Ephemeral morning frost discovered atop Mars’ tallest volcanoes

Scientists say the frost is a remaining taste of a once-prominent water cycle on Mars.
By | Published: June 10, 2024

In early 2022, then-Ph.D. student Adomas Valantinas was at the University of Bern, sorting thousands of images of Mars snapped by the European Space Agency’s (ESA) Trace Gas Orbiter (TGO) spacecraft when he noticed vast swaths of odd material near the planet’s equator. Sifting through the pictures, he soon saw a pattern: the bluish deposits, which represent ice in TGO’s false-color images, were coating the tops of the tallest volcanoes on the planet near the parched martian equator, where planetary scientists thought it was impossible to form ice.

That’s because between Mars’ vanishingly thin atmosphere and the relatively abundant sunlight the equator receives, the region is too warm for frost to form — not just at the surface but also on mountaintops in the Tharsis region, which is home to numerous volcanoes including Olympus Mons, the largest in the solar system.

Frosty peaks

Yet, morning images during the wintertime from two instruments on TGO as well as from the Mars Express orbiter show frost briefly coating at least four colossal volcanoes: Olympus Mons, Arsia Mons, Ascraeus Mons, and Ceraunius Tholus. The newfound patches of ice, each only as thin as a strand of human hair, together contain 150,000 tons of water — enough to fill 60 Olympic swimming pools — the researchers estimate in a paper published June 10 in the journal Nature Geoscience.

“Our study shows you can find water frost in areas where you would not expect,” says Valantinas, who is now a postdoctoral fellow at Brown University. “It is a modern-day process — it’s happening on present-day Mars.”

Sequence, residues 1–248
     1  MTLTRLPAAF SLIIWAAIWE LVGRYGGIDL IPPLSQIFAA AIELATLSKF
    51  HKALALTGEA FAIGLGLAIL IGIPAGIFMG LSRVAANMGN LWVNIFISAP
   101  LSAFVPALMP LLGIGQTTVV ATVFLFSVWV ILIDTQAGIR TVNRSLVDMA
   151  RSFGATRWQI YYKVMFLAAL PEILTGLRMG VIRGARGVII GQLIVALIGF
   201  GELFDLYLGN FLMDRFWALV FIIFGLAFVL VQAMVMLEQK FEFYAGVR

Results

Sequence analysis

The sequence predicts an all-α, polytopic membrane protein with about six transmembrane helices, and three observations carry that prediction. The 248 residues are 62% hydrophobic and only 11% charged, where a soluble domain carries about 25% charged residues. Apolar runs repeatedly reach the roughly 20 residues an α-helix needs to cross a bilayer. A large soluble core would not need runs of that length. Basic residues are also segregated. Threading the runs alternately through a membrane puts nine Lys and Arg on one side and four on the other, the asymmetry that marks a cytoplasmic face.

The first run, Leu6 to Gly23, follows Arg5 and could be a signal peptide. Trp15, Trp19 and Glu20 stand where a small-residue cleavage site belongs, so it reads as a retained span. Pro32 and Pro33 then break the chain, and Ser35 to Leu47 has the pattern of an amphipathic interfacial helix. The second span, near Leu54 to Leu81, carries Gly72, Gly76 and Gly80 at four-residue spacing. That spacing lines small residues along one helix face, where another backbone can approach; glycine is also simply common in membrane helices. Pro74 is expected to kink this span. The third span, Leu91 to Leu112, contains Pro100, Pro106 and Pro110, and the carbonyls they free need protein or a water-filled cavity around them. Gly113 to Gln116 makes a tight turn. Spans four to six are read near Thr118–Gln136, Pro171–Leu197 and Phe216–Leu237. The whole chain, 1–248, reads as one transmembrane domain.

Related: Where did all the water on Mars go?

Every day during winter, early spring and late fall, the frost forms for a few hours around sunrise before evaporating into the thin martian air. While its ephemeral presence means future astronauts can neither use it for life support nor mine it for rocket fuel, scientists say the discovery can teach them plenty about Mars’ water cycle and will help them better decipher the planet’s complex atmospheric dynamics.

“It’s a desert planet but it still has this water cycle,” says Valantinas. “It could be that what we’re seeing now with this water frost is a remnant of this cycle that was more significant in the past.”

A unique microclimate

The morning frost was spotted in the volcanoes’ calderas, bowl-shaped features that form during eruptions when magma underneath oozes out and the sides of the volcano crumble inward. Valantinas and his colleagues propose that wind on Mars, which ferries moisture from the ice-capped poles, travels up the mountain slopes and into the calderas, where it condenses into patches of frost. By simulating wind patterns and speeds in the area, the researchers found the wind travels at lower speeds within the caldera than surrounding areas, thus allowing the frost to form. “It’s a special microclimatic condition there,” says Valantinas.

The team has ruled out other explanations for the frost, such as ice from carbon dioxide molecules, which constitute 95 percent of the planet’s air. Temperatures within the calderas when TGO snapped its images suggest “it is too warm for carbon dioxide frost to form,” says Valantinas. Another explanation for the ice could be that it forms from gases belched by the dormant volcanoes, which can then freeze to form frost, but “it would be quite difficult to explain why volcanic outgassing is seasonal,” he says.

Rather, water ice from the caps at the north and south poles evaporates during local summers, traveling to the opposite hemisphere and moving through the equatorial regions, where the Tharsis volcanic range resides. Valantinas and his team suggest that some of this water gets trapped in the volcanoes, which tower at heights up to two times that of Mount Everest. 

Valles Marineris, the grand canyon of Mars, slices its way across this view of the Red Planet made with the Viking Orbiter 1. Credit: NASA
Valles Marineris, the grand canyon of Mars, slices its way across this view made with the Viking Orbiter 1. Credit: NASA

This is “a decidedly Earth-like phenomenon,” Colin Wilson, a project scientist at ESAfor both TGO and Mars Express missions, who wasn’t directly involved with the new study, said in a statement. “Understanding exactly which phenomena are the same or different on Earth and Mars really tests and improves our understanding of basic processes happening on not only our home planet, but elsewhere in the cosmos